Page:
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Gerald (Jerry) F. Johnson, DVM

Dr. Johnson is widely recognized as the “Father of Veterinary Endoscopy.” He was the first residency‐trained graduate of Ohio State’s College of Veterinary Medicine to become a board-certified diplomate of the American College of Veterinary Internal Medicine (ACVIM). He went on to become the first veterinarian in the United States to use flexible endoscopy in dogs and cats, and this pioneering work led to the very first published articles on endoscopy in the veterinary literature.

Dr. Johnson completed his BS (1965) and DVM (1968) at The Ohio State University. Following graduation, he entered an internship (1968‐69) and internal medicine residency (1969‐71) at the Animal Medical Center (AMC) in New York City – one of only a handful of institutions in North America offering formal residency training programs for veterinarians at the time. After his residency, Dr. Johnson joined the staff of the AMC and became Chief of the Gastroenterology Medicine Service. Later in his career he established a private internal medicine specialty practice in New York City.

Dr. Johnson embraced “One Health,” long before anyone called it that, through dual appointments and collaborative research studies with physicians, that culminated in numerous ground‐breaking publications in various respected medical journals as well as the veterinary literature. He systematically developed his skills in gastroenterology by collaborating with physician gastroenterologists, became a Fellow in Gastroenterology at the Manhattan VA Hospital, and had a split appointment with the Albert Einstein College of Medicine as a Principal Associate for several years. Dr. Johnson became the first veterinarian in the United States to perform flexible GI endoscopy in dog and cat patients. His pioneering accomplishments include:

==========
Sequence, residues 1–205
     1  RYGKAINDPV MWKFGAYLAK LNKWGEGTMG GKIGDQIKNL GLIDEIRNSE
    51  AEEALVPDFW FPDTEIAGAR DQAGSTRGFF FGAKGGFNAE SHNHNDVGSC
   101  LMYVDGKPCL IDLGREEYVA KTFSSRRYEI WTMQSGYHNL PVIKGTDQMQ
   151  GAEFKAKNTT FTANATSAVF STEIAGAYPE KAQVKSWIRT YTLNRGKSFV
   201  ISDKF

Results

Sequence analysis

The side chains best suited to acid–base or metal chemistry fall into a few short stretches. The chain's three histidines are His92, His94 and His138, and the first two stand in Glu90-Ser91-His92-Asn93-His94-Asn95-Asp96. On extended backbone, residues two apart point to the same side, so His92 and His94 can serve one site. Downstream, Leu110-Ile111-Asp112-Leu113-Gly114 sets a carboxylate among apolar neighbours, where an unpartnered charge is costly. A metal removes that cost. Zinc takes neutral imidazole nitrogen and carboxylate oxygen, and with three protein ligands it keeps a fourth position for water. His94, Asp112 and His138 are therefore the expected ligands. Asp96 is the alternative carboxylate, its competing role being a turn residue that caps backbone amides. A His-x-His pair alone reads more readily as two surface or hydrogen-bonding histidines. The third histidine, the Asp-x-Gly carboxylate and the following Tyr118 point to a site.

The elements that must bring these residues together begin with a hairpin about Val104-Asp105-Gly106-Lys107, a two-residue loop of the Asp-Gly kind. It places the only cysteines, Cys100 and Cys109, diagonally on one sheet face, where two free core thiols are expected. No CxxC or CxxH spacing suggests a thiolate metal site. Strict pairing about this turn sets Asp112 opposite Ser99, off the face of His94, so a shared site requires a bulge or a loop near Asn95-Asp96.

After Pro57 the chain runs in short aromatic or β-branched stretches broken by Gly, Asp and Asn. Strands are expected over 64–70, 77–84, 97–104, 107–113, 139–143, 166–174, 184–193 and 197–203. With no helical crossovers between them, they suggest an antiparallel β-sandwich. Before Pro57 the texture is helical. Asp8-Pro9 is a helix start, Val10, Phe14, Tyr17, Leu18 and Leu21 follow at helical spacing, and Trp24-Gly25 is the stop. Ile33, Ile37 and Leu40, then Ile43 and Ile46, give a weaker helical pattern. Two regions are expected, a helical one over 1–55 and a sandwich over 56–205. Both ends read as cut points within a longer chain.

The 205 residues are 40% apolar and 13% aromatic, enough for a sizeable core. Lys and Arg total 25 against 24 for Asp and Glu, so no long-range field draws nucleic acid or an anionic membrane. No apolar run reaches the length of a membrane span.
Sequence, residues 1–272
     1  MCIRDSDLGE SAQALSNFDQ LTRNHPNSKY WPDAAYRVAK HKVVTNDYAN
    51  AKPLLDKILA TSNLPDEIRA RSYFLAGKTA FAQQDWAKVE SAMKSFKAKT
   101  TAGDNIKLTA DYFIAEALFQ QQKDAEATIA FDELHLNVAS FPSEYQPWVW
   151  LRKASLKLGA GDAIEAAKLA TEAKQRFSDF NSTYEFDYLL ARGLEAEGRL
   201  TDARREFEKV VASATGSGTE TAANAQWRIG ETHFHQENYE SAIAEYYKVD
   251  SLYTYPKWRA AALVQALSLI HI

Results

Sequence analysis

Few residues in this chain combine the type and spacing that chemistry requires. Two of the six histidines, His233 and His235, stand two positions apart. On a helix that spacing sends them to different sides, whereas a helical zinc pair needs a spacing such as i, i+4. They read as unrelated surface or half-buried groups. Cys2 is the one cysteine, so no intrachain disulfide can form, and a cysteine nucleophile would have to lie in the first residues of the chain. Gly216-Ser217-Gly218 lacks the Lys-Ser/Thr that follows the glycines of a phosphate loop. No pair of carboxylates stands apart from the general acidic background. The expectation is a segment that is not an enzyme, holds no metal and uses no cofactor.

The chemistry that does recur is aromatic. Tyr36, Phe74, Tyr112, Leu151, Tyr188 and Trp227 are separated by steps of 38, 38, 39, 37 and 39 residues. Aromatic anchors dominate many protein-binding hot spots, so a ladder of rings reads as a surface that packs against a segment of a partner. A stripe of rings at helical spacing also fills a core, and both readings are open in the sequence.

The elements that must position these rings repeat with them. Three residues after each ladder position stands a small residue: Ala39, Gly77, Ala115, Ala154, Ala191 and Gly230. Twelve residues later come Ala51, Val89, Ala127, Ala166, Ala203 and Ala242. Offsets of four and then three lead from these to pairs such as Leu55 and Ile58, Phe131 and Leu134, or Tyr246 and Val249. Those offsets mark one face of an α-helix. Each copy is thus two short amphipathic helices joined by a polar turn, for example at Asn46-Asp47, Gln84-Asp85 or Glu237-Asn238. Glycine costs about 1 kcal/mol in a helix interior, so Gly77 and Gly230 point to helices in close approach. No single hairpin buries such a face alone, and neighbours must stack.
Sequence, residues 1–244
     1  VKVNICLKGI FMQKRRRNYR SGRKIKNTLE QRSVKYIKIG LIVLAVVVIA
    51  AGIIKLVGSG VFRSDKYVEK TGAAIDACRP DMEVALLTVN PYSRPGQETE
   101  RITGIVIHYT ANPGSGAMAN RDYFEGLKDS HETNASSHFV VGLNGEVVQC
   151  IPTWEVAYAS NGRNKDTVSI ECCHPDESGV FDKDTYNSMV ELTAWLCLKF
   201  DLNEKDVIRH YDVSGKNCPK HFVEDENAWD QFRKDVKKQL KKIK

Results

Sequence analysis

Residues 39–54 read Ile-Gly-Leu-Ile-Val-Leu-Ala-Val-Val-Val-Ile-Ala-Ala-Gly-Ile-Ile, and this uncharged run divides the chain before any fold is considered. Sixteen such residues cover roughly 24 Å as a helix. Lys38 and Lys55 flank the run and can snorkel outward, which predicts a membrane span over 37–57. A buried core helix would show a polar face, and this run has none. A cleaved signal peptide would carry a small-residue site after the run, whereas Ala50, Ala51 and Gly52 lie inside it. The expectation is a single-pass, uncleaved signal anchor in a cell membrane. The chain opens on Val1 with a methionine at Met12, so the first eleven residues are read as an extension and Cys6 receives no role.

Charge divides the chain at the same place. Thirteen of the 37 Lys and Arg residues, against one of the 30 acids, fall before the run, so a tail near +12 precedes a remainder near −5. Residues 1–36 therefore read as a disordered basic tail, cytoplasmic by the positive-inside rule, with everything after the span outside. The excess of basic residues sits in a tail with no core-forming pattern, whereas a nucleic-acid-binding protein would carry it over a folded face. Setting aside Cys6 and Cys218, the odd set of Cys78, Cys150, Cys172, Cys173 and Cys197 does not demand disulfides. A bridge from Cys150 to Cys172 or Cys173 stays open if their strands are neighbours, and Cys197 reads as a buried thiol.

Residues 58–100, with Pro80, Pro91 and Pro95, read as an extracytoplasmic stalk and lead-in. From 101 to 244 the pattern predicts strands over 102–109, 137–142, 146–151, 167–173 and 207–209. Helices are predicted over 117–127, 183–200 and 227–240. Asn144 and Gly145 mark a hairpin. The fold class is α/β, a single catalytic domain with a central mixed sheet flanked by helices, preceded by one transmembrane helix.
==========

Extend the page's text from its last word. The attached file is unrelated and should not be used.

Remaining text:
• First published descriptions of flexible endoscopy in veterinary medicine,
  • First documented endoscopic removal of a gastric foreign body from a dog,
  • First reported case of canine gastrinoma (Zollinger‐Ellison Syndrome),
  • The first veterinarian in the United States to use laparoscopy as a diagnostic tool for evaluating canine liver disease, and
  • Collaborated in the discovery and characterization of the first inherited copper-associated canine liver disease in Bedlington terriers in a series of 5 published articles (1976-81).

Along the way, Dr. Johnson developed many of the techniques still used today, contributed many journal articles and book chapters to the early body of literature in internal medicine and gastroenterology, and was instrumental in training many of the first generation of ACVIM internal medicine residents. Dr. Johnson is a past recipient of the Animal Medical Center Distinguished Alumnus Award and the Veterinary Endoscopy Society Pioneer Award.